Restaurant people are truly a different breed.
They look different, with their own clothes and tattoos. They keep their own hours, heading to work when most of us are heading home, and going out when we’re going to sleep. The industry has its own rites and rituals, its own rules, and its own language.
Dining room jargon–
BOH: Back Of the House; the kitchen, walk-in, or any other area where you don’t deal with customers; BOH also refers to the people who work there. FOH: Front Of the House is the bar, the dining room, or anywhere else the staff deals with customers, as well as the people who work those areas.
[ _ ]-Top: describes the table’s seating– a 4-top seats four; a 2-top seats two but is better known as a Deuce, and a Hi-top is a tall table like you’d find in a bar area.
Covers: the count of meals served; multiply the tops by the Turns (the number of seatings at a single table) and you’ll get the total covers.
What they call us–
Diners are called Campers when they linger too long at the table, or Cupcakes when they’re flirting with staff. If it’s an open kitchen there are probably a few other coded descriptors.
A PPX is an Extraordinary Person–it might be written on the ticket to signal VIP treatment. It’s not just for celebrities and high rollers; someone might write NPR on a ticket to tell the staff that Nice People Are Rewarded too.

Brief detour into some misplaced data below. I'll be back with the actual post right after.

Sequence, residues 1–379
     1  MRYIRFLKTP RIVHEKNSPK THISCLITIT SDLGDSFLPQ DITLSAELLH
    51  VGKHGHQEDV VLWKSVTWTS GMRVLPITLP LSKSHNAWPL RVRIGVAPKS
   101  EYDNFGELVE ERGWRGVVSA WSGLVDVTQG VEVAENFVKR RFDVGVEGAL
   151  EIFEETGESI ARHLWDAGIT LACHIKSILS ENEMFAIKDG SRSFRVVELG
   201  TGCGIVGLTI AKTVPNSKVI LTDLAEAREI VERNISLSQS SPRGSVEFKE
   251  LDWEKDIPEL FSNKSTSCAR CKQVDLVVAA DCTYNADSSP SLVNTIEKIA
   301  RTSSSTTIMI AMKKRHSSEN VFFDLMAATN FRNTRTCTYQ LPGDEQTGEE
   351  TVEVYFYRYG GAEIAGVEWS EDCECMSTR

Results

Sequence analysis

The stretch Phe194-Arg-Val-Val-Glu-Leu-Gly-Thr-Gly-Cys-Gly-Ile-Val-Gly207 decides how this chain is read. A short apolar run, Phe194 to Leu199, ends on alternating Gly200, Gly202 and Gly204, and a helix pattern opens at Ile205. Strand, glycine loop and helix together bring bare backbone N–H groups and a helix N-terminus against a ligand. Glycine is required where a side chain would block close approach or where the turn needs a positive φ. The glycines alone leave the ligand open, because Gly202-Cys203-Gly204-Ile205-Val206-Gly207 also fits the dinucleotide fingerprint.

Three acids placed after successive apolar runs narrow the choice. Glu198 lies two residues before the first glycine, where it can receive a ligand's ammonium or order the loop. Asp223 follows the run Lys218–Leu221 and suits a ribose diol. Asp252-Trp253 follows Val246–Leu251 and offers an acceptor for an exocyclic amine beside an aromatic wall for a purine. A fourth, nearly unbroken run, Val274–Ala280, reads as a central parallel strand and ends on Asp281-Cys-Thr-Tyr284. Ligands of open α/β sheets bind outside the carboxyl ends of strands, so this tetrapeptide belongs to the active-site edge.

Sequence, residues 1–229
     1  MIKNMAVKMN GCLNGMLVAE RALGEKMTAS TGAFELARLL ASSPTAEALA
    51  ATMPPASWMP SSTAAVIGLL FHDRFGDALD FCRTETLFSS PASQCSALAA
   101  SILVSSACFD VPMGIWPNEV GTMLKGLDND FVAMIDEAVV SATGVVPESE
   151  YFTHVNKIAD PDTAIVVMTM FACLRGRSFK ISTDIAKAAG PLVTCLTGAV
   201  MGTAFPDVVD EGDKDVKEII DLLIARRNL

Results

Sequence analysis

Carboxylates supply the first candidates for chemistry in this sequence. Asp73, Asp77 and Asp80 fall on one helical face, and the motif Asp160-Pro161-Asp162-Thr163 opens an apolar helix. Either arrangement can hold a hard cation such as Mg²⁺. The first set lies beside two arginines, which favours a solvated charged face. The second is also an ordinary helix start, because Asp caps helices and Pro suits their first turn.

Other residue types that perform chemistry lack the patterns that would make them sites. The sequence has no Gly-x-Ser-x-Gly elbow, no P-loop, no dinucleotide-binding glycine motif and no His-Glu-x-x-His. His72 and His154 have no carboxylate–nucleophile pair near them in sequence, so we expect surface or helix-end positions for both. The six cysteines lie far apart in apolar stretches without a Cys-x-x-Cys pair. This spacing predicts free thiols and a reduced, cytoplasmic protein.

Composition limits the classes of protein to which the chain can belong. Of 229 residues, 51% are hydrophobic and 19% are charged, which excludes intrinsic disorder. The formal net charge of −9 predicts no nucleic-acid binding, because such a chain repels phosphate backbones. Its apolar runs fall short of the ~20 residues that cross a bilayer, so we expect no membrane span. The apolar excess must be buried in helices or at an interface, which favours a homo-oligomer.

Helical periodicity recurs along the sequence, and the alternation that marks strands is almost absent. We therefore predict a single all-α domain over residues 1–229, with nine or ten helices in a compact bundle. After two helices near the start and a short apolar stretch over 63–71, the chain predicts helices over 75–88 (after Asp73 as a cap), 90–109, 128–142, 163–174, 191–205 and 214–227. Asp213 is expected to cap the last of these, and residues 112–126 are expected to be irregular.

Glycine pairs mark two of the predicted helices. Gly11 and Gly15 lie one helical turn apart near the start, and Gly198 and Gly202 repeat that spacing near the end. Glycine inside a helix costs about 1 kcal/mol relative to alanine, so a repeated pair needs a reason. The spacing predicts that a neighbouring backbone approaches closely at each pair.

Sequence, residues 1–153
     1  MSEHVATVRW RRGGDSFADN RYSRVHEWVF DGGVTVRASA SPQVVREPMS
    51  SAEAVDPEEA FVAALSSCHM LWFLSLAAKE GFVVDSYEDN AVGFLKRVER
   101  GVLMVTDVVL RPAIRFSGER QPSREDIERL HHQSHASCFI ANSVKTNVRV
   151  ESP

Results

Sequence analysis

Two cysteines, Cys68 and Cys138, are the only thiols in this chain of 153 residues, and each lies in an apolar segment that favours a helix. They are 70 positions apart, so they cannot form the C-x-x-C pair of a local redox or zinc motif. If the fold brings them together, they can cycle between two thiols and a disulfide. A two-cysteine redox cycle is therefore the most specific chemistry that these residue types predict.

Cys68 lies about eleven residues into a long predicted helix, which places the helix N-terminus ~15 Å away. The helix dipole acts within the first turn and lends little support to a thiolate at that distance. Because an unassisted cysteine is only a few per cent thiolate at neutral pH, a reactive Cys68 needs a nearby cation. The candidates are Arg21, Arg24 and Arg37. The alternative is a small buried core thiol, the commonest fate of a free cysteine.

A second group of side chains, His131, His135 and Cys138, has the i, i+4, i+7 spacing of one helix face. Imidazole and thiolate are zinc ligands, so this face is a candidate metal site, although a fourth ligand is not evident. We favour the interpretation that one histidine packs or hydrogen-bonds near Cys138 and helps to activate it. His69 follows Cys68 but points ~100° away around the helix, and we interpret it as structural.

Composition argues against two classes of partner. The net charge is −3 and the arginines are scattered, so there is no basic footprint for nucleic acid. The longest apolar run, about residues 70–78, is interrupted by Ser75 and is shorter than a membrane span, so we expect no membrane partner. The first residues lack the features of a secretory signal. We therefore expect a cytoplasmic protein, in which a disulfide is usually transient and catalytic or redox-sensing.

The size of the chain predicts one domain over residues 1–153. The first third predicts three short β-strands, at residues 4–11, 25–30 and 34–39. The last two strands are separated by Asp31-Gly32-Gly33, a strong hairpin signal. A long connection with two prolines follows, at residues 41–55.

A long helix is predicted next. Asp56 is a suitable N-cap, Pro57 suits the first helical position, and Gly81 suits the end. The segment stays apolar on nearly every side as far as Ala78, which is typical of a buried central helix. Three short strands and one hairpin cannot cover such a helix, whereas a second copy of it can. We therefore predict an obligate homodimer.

There are numerous unprintable phrases to describe a bad tipper; some of the kinder ones are Stiff and Flea.
After you place your order, the kitchen might print out Dupes; these are duplicate tickets frequently printed in multiples on color-coded paper to signify courses. The dupes are hung on the Rail or the Board where they’re considered On Deck.
If your server has checked the Low Board they know the Count of a particular menu item; if it’s 86’ed you’re out of luck. In a hurry? The cooks will be told it’s On the Fly, and they’ll Fire the dish immediately.
When multiple cooks are working different components of a single dish they’ll call 3 Out or 5 Out to signal to the others that they’ll be ready to plate their items in the stated number of minutes. All Day counts the number of dishes that the cook is readying at that particular time, as in ‘I’ve got 2 lamb and 3 risotto all day.’
Cooked orders go from the Line to the Pass, a long counter surface where they’re plated and picked up by servers. If the kitchen is In the Weeds with too many dupes, the orders won’t be Coming On Up as quickly as they should. Conversely, if the waitstaff is Slammed the orders can sit there Dying on the Pass.
Learn to speak their language and who knows—the next time you’re at your deuce in the FOH, you just might find yourself comped like a real PPX.